Poems Could Be Pop

Michael Zapruder is a songwriter living in Oakland, CA. For years he played lead guitar in other people's bands, until 1999, when he released an album under his own name, 52 Songs. For Zapruder's ambitious debut, he composed and recorded a song a week for an entire year. Each album since has marked his evolution through the restless development of his arrangements, recording techniques, and unique lyrical approach, earning him the 2009 Independent Music Award for Best Folk/Singer-songwriter Album, Dragon Chinese Cocktail Horoscope.

Zapruder's most recent album, the soon to be released,
Pink Thunder, is a collaboration with poets who toured on the Poetry Bus, a rock-style tour of performing poets. The Poetry Bus project is organized by Wave Books, which is co-run by Michael's brother, poet Matthew Zapruder.

An audio sample of "Pennsylvania" written by  Travis Nichols, Joshua Beckman, Matthew Zapruder, and Anthony McCann from Pink Thunder


Visit Black Ocean for more information on the project.



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Michael Zapruder
Telephone interview, Summer 2010

Scott Pinkmountain – You recently gave a lecture at UC Riverside to a group of writers entitled, "Our Lyric Literature." Do you view lyrics as their own literary genre?

Michael Zapruder
– It's a semantic thing. Are they literature? Lyrics are what they are; they're meant to be heard. They're not really meant to be read, I don't think. Some lyrics are good on the page, but many aren't, and that's not necessarily negative.

The lecture was actually more about looking at song lyrics from a non-lyricist perspective, than it was about song lyrics themselves. So for example, I said, "Why don't more poets sing while they're reading?" "Singing is writing." "What does it mean that there's something catchy about a word or phrase that's mispronounced?"  I talked about repetition, refrains. "Why don't more poets use refrains in their poems?" I asked them, "Do you really understand the effect of repeating words over and over again?" Isn't that of interest in certain kinds of writing? For playwrights or poets who read their work out loud, you can derive a lot of interesting things from examining how lyrics work.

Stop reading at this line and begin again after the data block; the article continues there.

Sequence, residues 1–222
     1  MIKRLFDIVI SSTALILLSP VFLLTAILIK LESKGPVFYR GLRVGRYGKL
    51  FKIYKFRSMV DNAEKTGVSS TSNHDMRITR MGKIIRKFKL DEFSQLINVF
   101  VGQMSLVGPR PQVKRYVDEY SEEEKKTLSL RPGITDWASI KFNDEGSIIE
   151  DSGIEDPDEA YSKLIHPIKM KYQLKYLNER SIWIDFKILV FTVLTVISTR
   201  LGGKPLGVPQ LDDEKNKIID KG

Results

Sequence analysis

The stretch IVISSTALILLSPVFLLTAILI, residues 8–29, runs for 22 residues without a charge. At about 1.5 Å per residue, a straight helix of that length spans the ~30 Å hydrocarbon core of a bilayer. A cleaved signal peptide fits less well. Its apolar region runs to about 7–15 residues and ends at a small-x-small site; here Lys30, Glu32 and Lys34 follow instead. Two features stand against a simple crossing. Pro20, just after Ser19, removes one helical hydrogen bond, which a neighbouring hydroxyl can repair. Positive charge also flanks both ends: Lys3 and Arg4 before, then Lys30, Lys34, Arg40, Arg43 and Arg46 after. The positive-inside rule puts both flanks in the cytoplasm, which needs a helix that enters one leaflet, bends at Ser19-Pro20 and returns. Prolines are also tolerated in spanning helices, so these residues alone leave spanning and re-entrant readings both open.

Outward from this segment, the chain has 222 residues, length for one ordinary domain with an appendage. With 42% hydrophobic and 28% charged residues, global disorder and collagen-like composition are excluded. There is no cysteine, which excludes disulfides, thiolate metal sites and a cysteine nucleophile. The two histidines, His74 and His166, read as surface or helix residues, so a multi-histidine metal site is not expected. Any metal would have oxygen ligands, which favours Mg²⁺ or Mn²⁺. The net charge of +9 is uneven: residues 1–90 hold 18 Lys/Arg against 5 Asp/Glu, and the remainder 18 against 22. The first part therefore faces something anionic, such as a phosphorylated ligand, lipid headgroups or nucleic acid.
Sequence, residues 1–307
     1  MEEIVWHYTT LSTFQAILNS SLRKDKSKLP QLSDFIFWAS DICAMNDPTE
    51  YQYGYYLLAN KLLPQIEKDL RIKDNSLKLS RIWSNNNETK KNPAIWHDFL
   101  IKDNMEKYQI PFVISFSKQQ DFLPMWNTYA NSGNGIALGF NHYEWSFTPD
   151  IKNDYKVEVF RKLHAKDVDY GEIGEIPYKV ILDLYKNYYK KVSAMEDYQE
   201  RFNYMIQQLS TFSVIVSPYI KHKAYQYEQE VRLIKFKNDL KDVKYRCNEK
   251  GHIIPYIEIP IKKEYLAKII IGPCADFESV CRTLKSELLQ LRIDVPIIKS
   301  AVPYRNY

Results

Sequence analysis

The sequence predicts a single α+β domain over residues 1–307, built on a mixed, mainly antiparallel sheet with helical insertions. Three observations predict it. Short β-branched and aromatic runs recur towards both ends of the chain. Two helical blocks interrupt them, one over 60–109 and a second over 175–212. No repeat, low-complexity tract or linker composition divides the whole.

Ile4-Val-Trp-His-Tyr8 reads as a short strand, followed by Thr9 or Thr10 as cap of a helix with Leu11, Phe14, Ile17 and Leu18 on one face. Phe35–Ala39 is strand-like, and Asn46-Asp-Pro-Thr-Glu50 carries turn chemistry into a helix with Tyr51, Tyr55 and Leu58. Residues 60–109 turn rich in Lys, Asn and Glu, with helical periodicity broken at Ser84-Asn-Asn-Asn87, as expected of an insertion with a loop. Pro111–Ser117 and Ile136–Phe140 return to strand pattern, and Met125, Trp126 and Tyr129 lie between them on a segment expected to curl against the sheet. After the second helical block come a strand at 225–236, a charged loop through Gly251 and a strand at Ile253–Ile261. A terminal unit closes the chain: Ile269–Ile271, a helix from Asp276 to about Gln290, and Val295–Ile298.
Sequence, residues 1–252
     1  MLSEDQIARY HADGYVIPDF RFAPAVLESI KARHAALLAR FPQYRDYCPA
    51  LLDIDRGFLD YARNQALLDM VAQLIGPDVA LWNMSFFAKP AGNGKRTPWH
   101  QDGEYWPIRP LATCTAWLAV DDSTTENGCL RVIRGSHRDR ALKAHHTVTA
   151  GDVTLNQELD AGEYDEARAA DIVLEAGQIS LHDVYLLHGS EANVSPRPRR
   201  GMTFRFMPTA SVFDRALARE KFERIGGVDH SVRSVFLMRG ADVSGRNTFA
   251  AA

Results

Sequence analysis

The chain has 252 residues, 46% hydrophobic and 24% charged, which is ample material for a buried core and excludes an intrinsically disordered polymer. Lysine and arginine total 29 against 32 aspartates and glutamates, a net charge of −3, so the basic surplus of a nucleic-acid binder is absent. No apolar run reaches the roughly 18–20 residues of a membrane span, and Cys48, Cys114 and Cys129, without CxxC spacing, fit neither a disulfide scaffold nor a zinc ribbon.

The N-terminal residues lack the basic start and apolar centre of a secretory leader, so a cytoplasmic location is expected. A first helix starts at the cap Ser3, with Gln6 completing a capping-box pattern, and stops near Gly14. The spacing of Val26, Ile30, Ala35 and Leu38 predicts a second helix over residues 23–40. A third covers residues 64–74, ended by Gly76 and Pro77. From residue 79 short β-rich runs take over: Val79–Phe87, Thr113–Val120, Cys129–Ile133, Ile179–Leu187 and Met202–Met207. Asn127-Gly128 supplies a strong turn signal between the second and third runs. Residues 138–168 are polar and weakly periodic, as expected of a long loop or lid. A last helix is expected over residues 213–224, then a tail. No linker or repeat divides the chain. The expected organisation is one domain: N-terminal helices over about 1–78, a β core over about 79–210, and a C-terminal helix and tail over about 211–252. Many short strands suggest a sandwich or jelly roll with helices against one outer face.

For instance, on the new record by The National, [lead singer, Matt Berninger] says, "We can say that we invented a summer lovin' torture party." You hear that a couple of times and after a while, "Summer lovin' torture party" is in your head as a kind of sonic fact. Some part of your brain starts working on it. It becomes sticky. Lyrics are adept at telling a story in very few words. Again, the National guy, in that same song ["Lemonworld" on High Violet] says, "I was a comfortable kid, but I don't think about it much anymore." It's such a great line, even though it says nothing. But the way it feels to say it is a part of writing song lyrics.

SP
– You said, "Singing is writing." What do you mean by that and what does that mean for your definition of what writing is and can be?

MZ
– It was a challenge I wanted to ask of the writing students, "You have to deal with the living language. It doesn't just stay on the page. It becomes something else when it's spoken or sung."

I started the lecture by showing them a verse of "God Only Knows" by Brian Wilson [off of Pet Sounds, co-written with Tony Asher].

I may not always love you,
But as long as there are stars above you,
You never need to doubt it.
I'll make you so sure about it.

Okay, that's really not what you'd think of as writing. But then when you hear it, [sings above verse] all of a sudden it is writing. Good writing. Those lyrics are good. And they're not just good because of the music. They're good in a deeper way.

There is a theory that people discovered emotion through music. Not that the emotions weren't already there, but that through the experience of creating music, we saw, reflected back to us, all these different emotional states, and that helped us identify and name them. So music is the feeling words were invented to describe. The genius behind, "I may not always love you, long as there are stars above you," is …

SP
– It's transcribing that melody?

MZ
– That's what that music is. That's literally the meaning of that music. So singing is writing. If all the emotional meaning of the words you are using as a writer come from music, or if they can be found in music as the ultimate dictionary – the real dictionary of what the words are pointing at – then how can you go about writing without knowing about singing? If we couldn't sing, our language would be totally different. We wouldn't have a bunch of words. So when I say "Singing is writing," I'm talking about the paradox of that Brian Wilson verse; how the language of Hallmark cards can still be good.